We live in a world in which the quality of language is deteriorating. Many conversations are sprinkled, or even saturated with curses and other words that divide and dehumanize people. Profane language can be heard at school, work, and at entertainment events. "Trash talking" has become an accepted practice at professional sports events. Rude or disrespectful comments, under the disguise of honesty, are heard on television and radio, especially "talk" radio. They're also seen on bumper stickers, billboards, and even on some greeting cards. Some uncomplimentary language may be legitimate, especially if it's accurately documenting past event or conversation, but much is not. Language that passes for humorous today would have been labeled as unacceptably obscene a few decades ago. Many conversations, intentionally or unintentionally, carry an antagonistic tone. Young people today are frequently exposed to profanity.
Not as openly hostile, perhaps, but ultimately just as harmful, is the exclusive language, used in many churches, which recognizes only males. Like cursing and racist labels, it also divides and degrades people.
In contrast, the words associated with the birth of Jesus are words that comfort and uplift. "Do not be afraid," and "fear not," were spoken by angels to Joseph (Matt. 1:20) and to Mary (Luke 1:30). The intense fear of the shepherds, some of whom were probably teenagers, or even younger, was dismissed by the calming words of the angel: "Do not be afraid. I bring you good news of great joy that will be for all the people" (Luke 2:10). Note the inclusiveness of the angel's message. The good news is "for all the people." No exceptions.
There was much to fear in those days. The lack of housing was a concern for the young couple. Soon Herod would be trying to kill their firstborn, similar to the way selfish and sinful governments today jeopardize the lives of young people by sending them off to war. But the divine messengers made a deliberate effort with wholesome and compassionate language, to comfort people and remove their fear.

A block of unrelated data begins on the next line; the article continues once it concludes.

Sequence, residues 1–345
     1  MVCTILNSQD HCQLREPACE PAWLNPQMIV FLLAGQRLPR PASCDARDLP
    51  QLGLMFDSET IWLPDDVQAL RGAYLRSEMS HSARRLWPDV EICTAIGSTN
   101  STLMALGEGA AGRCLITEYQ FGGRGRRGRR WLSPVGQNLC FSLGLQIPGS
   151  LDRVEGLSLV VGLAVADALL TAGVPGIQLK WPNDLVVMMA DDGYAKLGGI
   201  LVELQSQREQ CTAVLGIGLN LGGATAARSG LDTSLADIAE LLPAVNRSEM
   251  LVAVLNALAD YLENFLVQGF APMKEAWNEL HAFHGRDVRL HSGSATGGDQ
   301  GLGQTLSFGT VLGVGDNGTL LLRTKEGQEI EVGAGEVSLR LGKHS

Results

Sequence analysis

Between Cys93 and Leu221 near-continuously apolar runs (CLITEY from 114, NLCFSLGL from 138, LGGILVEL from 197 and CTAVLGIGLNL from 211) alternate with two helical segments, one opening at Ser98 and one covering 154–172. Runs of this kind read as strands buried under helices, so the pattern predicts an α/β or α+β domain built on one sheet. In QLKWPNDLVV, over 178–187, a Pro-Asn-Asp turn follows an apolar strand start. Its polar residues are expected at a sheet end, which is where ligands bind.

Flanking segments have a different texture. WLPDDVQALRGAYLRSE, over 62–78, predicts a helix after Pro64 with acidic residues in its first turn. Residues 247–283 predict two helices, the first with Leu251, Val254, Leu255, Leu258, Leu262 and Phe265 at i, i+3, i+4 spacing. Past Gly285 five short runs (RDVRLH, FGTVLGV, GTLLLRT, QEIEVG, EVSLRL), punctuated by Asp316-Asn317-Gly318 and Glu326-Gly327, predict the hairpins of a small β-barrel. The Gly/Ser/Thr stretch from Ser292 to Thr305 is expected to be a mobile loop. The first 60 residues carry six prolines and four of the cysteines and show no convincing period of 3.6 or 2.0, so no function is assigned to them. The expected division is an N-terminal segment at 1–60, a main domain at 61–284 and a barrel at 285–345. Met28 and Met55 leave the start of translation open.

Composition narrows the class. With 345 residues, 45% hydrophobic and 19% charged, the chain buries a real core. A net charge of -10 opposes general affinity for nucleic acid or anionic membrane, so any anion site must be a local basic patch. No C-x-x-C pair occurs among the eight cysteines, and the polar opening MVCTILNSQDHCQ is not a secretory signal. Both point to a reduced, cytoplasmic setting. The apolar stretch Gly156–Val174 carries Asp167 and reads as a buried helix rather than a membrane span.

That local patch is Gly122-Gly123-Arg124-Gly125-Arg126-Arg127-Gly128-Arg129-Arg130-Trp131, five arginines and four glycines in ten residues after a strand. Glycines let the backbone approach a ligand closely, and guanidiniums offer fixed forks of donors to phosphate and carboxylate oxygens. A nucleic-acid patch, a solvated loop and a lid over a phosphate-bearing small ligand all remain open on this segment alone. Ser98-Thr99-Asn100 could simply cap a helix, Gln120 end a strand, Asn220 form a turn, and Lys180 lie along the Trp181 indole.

Concern about language is found throughout the Bible. Matthew 5:37 tells us to keep it simple: "Simply let your 'Yes' be 'Yes,' and your 'No,' 'No'..." The wisdom book of Proverbs has numerous references to speech. Perhaps the most sobering passage of all is Matthew 12: 36-37. "But I tell you that you will have to give account on the day of judgment for every careless word you have spoken. For by your words you will be acquitted, and by your words you will be condemned."
Words are powerful instruments of communication. Often our keenest memories are of words which brought either healing or hurt to our hearts. Harsh words are frequently a prelude to war. Soldiers use derogatory labels to dehumanize the enemy and make it easier to kill them. Of course the vast majority of war victims are not soldiers, but innocent civilians. In my work in a hospital emergency department, I frequently see patients injured in conflicts initiated or aggravated by harsh words or language. Such confrontations are sometimes fatal.
What can we do about this problem? It's important to remember that the words we use not only reflect our thinking, but also shape it. It's possible to change our thoughts and our behavior by changing the way we talk. Perhaps the main reason it's so difficult for women to gain equal status with men in many churches is because the language used still excludes them.
The temptation to use profane and divisive language or labels can be very persistent for youth and adults alike. How do we avoid the infectious nature of such talk? One solution is to simply quit listening to it.
Let's take our verbal cues from the angels on that first Christmas. They spoke words that dispelled fear and brought peace and comfort to the listeners. They also invited everyone to participate in the joyous celebration of the birth of the Savior.
We can improve our language with practice. It's easier to talk our way into a change of thinking than to think our way into a change of talking. Can you imagine a war continuing for long if the enemy troops started saying nice things about each other? Seeing every person as created in God's image, as a living picture of God, reminds us that from our mouths should come only words that bless. The language of those who celebrate the birth of Jesus should bring peace and hope to the world. Young people today are growing up in a lost world that echoes with divisive sounds of hate and hostility. The peaceful compassionate language of Christian youth can make their presence an oasis of comfort and hospitality for others this Advent and Christmas season.
Published in slightly different form in the October, 1999 issue of Builder